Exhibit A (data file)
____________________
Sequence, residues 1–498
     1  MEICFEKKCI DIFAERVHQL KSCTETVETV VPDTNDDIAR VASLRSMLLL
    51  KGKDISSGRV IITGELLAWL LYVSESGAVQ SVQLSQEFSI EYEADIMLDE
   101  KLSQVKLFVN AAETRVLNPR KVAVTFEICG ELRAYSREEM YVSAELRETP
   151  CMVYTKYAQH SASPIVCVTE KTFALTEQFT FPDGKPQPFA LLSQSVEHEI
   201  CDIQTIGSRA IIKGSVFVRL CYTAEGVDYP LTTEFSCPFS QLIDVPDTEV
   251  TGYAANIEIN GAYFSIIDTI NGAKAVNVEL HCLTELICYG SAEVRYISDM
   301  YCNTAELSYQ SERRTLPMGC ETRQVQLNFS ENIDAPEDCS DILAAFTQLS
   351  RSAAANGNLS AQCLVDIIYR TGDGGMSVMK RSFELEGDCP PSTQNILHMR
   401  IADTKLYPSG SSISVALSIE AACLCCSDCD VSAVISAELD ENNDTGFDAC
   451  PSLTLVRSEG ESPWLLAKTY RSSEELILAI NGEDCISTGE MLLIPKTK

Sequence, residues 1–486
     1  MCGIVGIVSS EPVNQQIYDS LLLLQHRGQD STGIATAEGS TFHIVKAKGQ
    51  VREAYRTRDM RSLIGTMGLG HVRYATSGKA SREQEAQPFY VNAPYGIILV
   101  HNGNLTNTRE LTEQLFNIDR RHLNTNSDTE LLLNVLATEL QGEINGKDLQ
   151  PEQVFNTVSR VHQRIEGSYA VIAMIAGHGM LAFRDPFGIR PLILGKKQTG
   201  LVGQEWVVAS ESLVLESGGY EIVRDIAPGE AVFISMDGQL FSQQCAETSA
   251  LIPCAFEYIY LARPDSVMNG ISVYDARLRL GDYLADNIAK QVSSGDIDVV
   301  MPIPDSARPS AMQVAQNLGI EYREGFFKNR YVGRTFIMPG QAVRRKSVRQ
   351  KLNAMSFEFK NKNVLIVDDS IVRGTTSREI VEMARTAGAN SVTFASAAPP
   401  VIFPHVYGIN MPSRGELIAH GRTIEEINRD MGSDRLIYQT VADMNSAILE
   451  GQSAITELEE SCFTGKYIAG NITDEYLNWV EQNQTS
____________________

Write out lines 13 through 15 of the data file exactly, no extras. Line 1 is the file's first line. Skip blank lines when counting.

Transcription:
     1  MCGIVGIVSS EPVNQQIYDS LLLLQHRGQD STGIATAEGS TFHIVKAKGQ
    51  VREAYRTRDM RSLIGTMGLG HVRYATSGKA SREQEAQPFY VNAPYGIILV
   101  HNGNLTNTRE LTEQLFNIDR RHLNTNSDTE LLLNVLATEL QGEINGKDLQ